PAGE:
Project 1 Nudivirus replication mechanism (NL)
The research project "Nudivirus replication mechanisms" aims to unravel the replication mechanisms and gene functions of nudiviruses (Nudiviridae). These invertebrate-infecting viruses are phylogenetically related to endogenous bracoviruses (Polydnaviridae) found in parasitoid wasps. The Heliothis zea nudivirus 1 (HzNV-1) genome was found in its host as a persistent infection. Experiments with nudiviruses and bracoviruses aim to reveal whether these viruses have similar replication processes.
One of the most diverse virus families found in insects are nudiviruses (from Latin, nudi = naked or uncovered) of the family Nudiviridae. They have been found to infect different insect orders, including crickets, beetles, moths and flies, but also marine invertebrates, such as lobsters and shrimp. Nudivirus infections in invertebrates can reduce their hosts' fitness and under certain conditions lead to their death. Therefore, it is important to study the impact of these diverse viruses to prevent devastating losses in aquacultures and the uprising industry of insect rearing. Conversely, the harmfulness of a beetle-infecting nudivirus (Oryctes rhinoceros nudivirus, OrNV) has been used to control infestations of this insect pest in palm tree cultures in parts of Oceania, providing another relevant reason to study this virus family.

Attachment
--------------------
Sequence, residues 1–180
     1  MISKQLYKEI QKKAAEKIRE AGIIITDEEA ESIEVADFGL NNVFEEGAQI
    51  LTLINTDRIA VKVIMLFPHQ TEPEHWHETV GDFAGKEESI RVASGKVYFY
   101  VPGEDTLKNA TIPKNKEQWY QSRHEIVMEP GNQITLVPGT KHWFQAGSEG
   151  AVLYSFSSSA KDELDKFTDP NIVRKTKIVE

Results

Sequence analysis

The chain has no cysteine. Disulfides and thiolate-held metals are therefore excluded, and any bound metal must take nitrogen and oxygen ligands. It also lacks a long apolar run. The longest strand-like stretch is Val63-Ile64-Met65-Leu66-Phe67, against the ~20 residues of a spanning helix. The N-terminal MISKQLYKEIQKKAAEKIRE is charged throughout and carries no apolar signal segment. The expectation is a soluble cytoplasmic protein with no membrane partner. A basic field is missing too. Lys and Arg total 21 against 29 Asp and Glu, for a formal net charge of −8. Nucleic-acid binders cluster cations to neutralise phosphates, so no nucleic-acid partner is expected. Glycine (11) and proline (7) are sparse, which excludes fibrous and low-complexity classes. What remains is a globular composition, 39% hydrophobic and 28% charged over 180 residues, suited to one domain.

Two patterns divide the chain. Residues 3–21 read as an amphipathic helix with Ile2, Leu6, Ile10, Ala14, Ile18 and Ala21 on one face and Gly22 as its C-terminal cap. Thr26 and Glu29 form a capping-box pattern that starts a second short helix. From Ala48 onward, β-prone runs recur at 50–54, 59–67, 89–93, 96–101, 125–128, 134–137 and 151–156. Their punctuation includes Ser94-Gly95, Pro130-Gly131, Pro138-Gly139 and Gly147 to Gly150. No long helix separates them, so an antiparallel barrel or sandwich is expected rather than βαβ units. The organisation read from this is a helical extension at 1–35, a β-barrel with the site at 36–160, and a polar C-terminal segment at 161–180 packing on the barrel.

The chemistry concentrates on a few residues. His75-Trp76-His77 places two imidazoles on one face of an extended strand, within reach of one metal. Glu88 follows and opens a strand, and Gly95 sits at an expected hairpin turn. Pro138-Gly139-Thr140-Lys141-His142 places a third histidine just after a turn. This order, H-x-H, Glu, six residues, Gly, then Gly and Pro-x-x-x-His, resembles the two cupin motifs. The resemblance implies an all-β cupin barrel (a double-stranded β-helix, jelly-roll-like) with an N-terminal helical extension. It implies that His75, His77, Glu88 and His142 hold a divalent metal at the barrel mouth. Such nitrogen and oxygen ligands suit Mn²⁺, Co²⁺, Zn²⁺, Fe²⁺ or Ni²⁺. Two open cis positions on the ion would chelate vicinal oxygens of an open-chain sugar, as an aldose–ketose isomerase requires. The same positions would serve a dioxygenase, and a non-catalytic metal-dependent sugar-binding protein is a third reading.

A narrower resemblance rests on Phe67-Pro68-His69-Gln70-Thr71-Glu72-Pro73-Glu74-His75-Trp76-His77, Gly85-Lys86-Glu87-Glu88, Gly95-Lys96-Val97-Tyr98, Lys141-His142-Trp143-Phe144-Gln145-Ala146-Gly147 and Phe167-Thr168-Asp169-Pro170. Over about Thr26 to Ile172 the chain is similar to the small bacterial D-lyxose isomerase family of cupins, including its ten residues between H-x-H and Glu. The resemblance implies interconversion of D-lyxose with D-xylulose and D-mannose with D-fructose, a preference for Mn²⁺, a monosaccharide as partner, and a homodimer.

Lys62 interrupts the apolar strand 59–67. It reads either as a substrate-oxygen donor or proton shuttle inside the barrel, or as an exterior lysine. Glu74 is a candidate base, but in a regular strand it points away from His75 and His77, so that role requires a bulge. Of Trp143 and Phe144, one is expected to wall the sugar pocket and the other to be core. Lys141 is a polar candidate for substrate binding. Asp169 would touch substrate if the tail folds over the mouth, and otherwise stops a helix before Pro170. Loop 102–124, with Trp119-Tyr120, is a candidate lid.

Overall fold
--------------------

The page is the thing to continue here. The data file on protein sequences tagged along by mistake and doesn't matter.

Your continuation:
The species Heliothis zea nudivirus comprises two strains, HzNV-1 and HzNV-2. Its name originates from its natural host Helicoverpa (formerly Heliothis) zea, commonly known as the corn earworm. Caterpillars of this moth pose a threat to corn and other crop plants. HzNV-2 is sexually transmitted between individuals or to the offspring via infected ovaries, and causes disease in larvae and adults of H. zea. HzNV-1, on the other hand, was isolated as a persistent viral infection in a cell line derived from H. zea ovarian tissue and was not capable of infecting actual insects. HzNV-1 can induce latent and lytic infections in different insect cell lines and may persist in the host cells through viral genome integration.
It was shown that the integration of an ancestral nudivirus into the genome of an ancestor braconid wasp 100 million years ago gave rise to the clade of endogenous bracoviruses. Therefore, it is reasonably assumed that the replication mechanisms and machinery of bracoviruses derive from its nudiviral ancestor. However, little is known how bracovirus replication is maintained after viral genome integration and what genes facilitate crucial functions in this state. Our main research aims to reveal similarities in the gene functions of nudiviral and bracoviral replication by conducting comparative studies with the latest molecular, genomic analytical tools and microscopic techniques.